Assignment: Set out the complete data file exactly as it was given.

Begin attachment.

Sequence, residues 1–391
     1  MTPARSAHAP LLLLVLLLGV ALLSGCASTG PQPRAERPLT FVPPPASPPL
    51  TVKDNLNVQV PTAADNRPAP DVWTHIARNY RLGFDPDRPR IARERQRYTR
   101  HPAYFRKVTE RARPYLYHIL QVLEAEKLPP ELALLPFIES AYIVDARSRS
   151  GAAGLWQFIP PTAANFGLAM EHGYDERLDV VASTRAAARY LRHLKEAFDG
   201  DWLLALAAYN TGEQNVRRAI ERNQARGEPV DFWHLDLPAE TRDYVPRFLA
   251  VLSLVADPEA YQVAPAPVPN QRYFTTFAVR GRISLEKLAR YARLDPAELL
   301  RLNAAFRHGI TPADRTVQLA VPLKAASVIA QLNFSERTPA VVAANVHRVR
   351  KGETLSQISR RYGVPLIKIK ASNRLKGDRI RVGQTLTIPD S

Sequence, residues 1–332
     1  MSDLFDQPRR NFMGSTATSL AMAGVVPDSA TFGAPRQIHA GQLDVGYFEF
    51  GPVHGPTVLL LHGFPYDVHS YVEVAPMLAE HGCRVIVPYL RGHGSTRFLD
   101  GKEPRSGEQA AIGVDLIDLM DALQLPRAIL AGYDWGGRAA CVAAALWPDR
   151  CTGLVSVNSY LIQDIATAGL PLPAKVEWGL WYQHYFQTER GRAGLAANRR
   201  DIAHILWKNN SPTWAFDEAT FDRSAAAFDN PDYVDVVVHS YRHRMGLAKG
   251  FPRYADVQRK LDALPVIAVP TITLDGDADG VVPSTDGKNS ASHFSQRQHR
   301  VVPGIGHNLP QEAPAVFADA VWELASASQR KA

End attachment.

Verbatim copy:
Sequence, residues 1–391
     1  MTPARSAHAP LLLLVLLLGV ALLSGCASTG PQPRAERPLT FVPPPASPPL
    51  TVKDNLNVQV PTAADNRPAP DVWTHIARNY RLGFDPDRPR IARERQRYTR
   101  HPAYFRKVTE RARPYLYHIL QVLEAEKLPP ELALLPFIES AYIVDARSRS
   151  GAAGLWQFIP PTAANFGLAM EHGYDERLDV VASTRAAARY LRHLKEAFDG
   201  DWLLALAAYN TGEQNVRRAI ERNQARGEPV DFWHLDLPAE TRDYVPRFLA
   251  VLSLVADPEA YQVAPAPVPN QRYFTTFAVR GRISLEKLAR YARLDPAELL
   301  RLNAAFRHGI TPADRTVQLA VPLKAASVIA QLNFSERTPA VVAANVHRVR
   351  KGETLSQISR RYGVPLIKIK ASNRLKGDRI RVGQTLTIPD S

Sequence, residues 1–332
     1  MSDLFDQPRR NFMGSTATSL AMAGVVPDSA TFGAPRQIHA GQLDVGYFEF
    51  GPVHGPTVLL LHGFPYDVHS YVEVAPMLAE HGCRVIVPYL RGHGSTRFLD
   101  GKEPRSGEQA AIGVDLIDLM DALQLPRAIL AGYDWGGRAA CVAAALWPDR
   151  CTGLVSVNSY LIQDIATAGL PLPAKVEWGL WYQHYFQTER GRAGLAANRR
   201  DIAHILWKNN SPTWAFDEAT FDRSAAAFDN PDYVDVVVHS YRHRMGLAKG
   251  FPRYADVQRK LDALPVIAVP TITLDGDADG VVPSTDGKNS ASHFSQRQHR
   301  VVPGIGHNLP QEAPAVFADA VWELASASQR KA